Additionally, be sure to give yourself enough time to relax between hard exercise classes. Then, if you feel any twinges or tweaks, take some more time to rest.
What are the common rehab exercises for perineal tendonitis?
The rehab exercises for peroneal tendonitis include:
- Weight-bearing ankle strengthening exercises.
- Foam rolling techniques for the peroneal muscles of the lower leg.
- The single-leg balance exercises.
One of the current recommendations if you are injured and slowly return to running is cross-training, and the best form of cross training for this injury is Aqua Jogging.
Can stretching make tendonitis worse?
Studies report that stretching the tendons can speed up the recovery process. It restores elasticity, assisting you to recover quicker and without feeling tense. But if your tendon is severely damaged, stretching exercises may make it worse, so you would want to talk to your doctor before starting to practice.
How much time does peroneal tendonitis need to be healed?
The number of activities you engage in typically determines how long the recuperation time lasts; the more effort you put in, the longer it will last. Applying ice can have a calming impact, lessen inflammation, and hasten the healing process.
Will an ankle brace help with peroneal tendonitis?
An ankle brace is a device that is worn around the ankle in order to immobilize it. This prevents overuse of the injured area and helps it heal properly. Ankle braces can help prevent peroneal tendonitis from developing or getting worse.
Can I run with peroneal tendonitis?
Running with peroneal tendonitis will be painful, as will trying to evert and dorsiflex your foot, specifically against resistance.
Do you need surgery when you have peroneal tendonitis?
Some conditions will need surgery to get your peroneal Tendonitis foot issue solved. It will all rely upon the severity of your injury and the structure of your foot.
Generally, a doctor or surgeon can decide the suitable treatment for your foot. Undoubtedly, physical therapy is essential after surgery for a full recovery.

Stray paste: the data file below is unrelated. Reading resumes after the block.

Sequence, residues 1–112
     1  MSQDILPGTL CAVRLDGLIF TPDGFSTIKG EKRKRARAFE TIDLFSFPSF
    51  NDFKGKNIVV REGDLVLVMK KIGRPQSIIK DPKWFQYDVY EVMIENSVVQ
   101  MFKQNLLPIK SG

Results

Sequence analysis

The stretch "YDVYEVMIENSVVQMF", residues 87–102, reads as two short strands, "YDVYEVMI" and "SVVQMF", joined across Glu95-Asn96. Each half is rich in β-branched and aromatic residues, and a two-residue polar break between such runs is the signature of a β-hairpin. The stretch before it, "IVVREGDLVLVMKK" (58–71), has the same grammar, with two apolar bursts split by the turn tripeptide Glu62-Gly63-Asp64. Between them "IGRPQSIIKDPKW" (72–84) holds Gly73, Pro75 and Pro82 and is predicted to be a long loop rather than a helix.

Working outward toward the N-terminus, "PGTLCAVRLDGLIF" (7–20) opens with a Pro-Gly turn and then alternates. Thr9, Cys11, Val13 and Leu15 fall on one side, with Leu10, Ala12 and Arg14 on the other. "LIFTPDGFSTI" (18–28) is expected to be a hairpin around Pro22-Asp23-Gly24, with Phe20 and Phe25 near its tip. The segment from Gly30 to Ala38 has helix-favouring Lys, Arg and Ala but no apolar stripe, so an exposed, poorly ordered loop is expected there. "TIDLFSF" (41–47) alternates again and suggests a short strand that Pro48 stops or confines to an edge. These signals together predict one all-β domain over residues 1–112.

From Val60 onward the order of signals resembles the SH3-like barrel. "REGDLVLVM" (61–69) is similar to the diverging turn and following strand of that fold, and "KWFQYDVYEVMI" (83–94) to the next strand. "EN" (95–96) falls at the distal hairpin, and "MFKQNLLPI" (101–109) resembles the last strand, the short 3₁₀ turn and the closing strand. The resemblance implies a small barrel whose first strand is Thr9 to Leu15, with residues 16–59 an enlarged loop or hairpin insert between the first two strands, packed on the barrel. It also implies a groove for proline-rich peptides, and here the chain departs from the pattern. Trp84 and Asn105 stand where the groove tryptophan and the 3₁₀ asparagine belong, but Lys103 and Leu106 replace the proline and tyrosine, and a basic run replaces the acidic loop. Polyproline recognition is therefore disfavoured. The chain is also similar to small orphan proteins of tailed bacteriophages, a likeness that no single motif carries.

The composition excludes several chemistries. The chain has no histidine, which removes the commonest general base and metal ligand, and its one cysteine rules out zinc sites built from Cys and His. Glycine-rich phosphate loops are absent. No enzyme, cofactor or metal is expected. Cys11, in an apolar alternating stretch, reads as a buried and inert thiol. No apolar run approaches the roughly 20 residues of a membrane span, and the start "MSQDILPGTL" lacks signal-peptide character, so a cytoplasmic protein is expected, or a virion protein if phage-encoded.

Can compression socks help with peroneal tendonitis?
Peroneal tendonitis is a condition that can cause pain and inflammation in the peroneal tendons. Compression socks are often recommended as a treatment for this condition, as they can help relieve the pain and inflammation.
How do you wrap a foot with peroneal tendonitis?
Wrapping the foot with peroneal tendonitis can help to provide relief from pain and inflammation.
When wrapping a foot with peroneal tendonitis, it’s important to be mindful of the following: you don’t want the wrap to cut off blood flow to the foot, and you don’t want it to provide a tingling sensation or numbness. So you need to make sure that you apply a proper wrapping technique.
The first step is to place a band under and slightly in front of your foot. You will then want to wrap the band around your ankle, ensuring it is secure. You can then repeat this process for the other side of your foot. When wrapping your foot, it is essential to cross one side over the other in order to create an X shape. This will ensure that the wrap is tight and secure around your ankle and foot. Finish by circling the two bands around each other to tighten them before you apply any further pressure. Furthermore, make sure you replace the wrap every 24 hours.
Should I massage peroneal tendonitis?
Peroneal tendonitis is a condition that affects the peroneal tendons, which are located on the outside of your ankle. This condition can be treated with gentle massage, which can help to reduce inflammation and pain. However, it is essential not to press too hard on the area, especially if it is particularly painful or swollen.
Does peroneal tendonitis go away?
This condition can be excruciating and make it difficult to walk or run. In most cases, tendonitis will eventually go away without any intervention. However, you can do a few things to speed up the healing process and reduce pain. These include icing the area, using compression wraps or sleeves, and taking over-the-counter pain medication.
Running Injuries are common among runners. Whether you are hooked on trail running or preparing for a marathon or triathlon, there is a good chance of getting injured.
Peroneal tendonitis leads to soreness in the area around the outside and back of the foot. It often happens because of overuse, injuries, or damage to the tendon.
Peroneal tendonitis can be unbearable and debilitating for runners and those involved in exercise and sports routines. If the condition is not cared for, it will get more severe and lead to further damage.
Wearing one of the best running shoes for Peroneal tendonitis will offer comfort and support to alleviate pain and symptoms and protect the feet against further damage.
In sum, peroneal tendonitis is a grave situation that stands between runners and their favorite habit due to pain and pressure. That is why we paraded a trusted collection of recommended shoes that can help those who suffer and wish to resume their running routine. Fortunately, tendonitis can be handled and treated using a well-cushioned pair of sneakers that supports your feet without adding unsolicited weight or pressure.